From: , Triple Pundit, More from this Affiliate
Published April 8, 2009 10:17 AM

How Viable is a Plastic Bag Tax?

Plastic bags account for 50 percent of the plastic trash in Washington, D.C.'s Anacostia River. In order to decrease the amount of plastic bags in the Anacostia, the D.C. Council proposed legislation that would put a five cents tax on disposable shopping bags. Eleven council members co-introduced it, and according to a Washington Post article, that almost guarantees it will become law.

Social service groups and plastic bag manufacturers have joined forces in opposing the legislation, arguing that the tax will be a hardship for poor people.


"I have no qualms about cleaning up the Anacostia River," said former Ward 8 council member Sandy Allen. "That little five cents may sound small, but on a continued basis…it eats into the income."

Restaurant owner Andy Shallal accused the plastic bag manufacturers of "race-baiting and class-baiting."

The legislation's author, Council member Tommy Wells, said, "The approach I'm taking is really to get into your head, not into your pocket."

A provision in the legislation creates a fund from the tax revenue to clean up the Anacostia and provide reusable bags to "district residents, with priority to assisting seniors and low-income residents." D.C. stores would be allowed to keep a penny for each bag, and the other four cents would go to the fund.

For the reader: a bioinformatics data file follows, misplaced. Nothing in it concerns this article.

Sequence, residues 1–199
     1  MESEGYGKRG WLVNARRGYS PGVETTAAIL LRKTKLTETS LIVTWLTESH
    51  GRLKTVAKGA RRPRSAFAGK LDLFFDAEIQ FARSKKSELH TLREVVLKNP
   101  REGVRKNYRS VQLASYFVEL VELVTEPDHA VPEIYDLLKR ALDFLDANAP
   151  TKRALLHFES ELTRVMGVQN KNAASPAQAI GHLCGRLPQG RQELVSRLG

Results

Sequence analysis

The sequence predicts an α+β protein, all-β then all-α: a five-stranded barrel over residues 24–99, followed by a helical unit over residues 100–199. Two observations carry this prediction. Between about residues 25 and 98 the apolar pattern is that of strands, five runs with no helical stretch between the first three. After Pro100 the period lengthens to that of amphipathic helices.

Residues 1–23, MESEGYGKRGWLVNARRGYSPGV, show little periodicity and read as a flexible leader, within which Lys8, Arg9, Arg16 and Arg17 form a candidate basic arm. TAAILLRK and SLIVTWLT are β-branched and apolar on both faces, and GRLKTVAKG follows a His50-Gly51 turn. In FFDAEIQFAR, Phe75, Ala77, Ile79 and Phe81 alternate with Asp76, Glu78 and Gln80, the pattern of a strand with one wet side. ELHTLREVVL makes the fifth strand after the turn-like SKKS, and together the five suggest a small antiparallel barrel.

Ireland's PlasTax has been a success

In 2002, Ireland instituted a plastic bag tax of 20 cents per bag, called the PlasTax. Last year the tax increased to 33 cents. The PlasTax was a response to 1.2 million shopping bags, 316 per person, consumed yearly in Ireland. The taxes raised from the PlasTax go into the Green Fund, which finances environmental projects.

During the first three months the amount of shopping bags used by consumers decreased 90 percent and raised $3.45 million. After one year the plastic bag use decreased by 94 percent, and raised $9.6 million. The PlasTax also got rid of one of Ireland’s largest imports as only 21 percent of plastic bags were manufactured in Ireland.

Lisa Miastny, consumption project director for Worldwatch Institute thinks the PlasTax has been effective

The website,, characterizes the PlasTax as a "simple market-based solution in the form of a consumption tax" which saves retailers money because they stock fewer bags. In Ireland, retailers spent on average $50 million a year on plastic bags before the PlasTax. According to, it has been a "major success" and "consumers have widely adopted using reusable shopping bags."

Retailers now promote the tax. Founder of the Superquinn grocery store chain, Senator Feargal Quinn said, "I spent many months arguing against this tax with the minister; I thought customers wouldn't accept it. But I have become a big, big enthusiast."

Chains that ban bags still see profits

Loblaw Companies Limited opened four "bagless" grocery stores, making it the first big grocery store chain to remove all disposable bags. All the chain's stores sell a reusable bag for 99 cents, and have sold 12 million to date.

Ikea phased out its plastic bags in its U.S. stores in 2007. The program first began in the company’s British stores in 2006. IKEA began phasing out plastic bags in its U.S. stores by charging five cents per bag. It sold reusable bags for 59 cents. In October 2008, IKEA banned all plastic bags in its U.S. stores.

According to IKEA, charging customers for plastic bags reduced its customers' usage by 92 percent. About 64 million less bags were used. IKEA's initial goal was to reduce plastic bag use by 50 percent.

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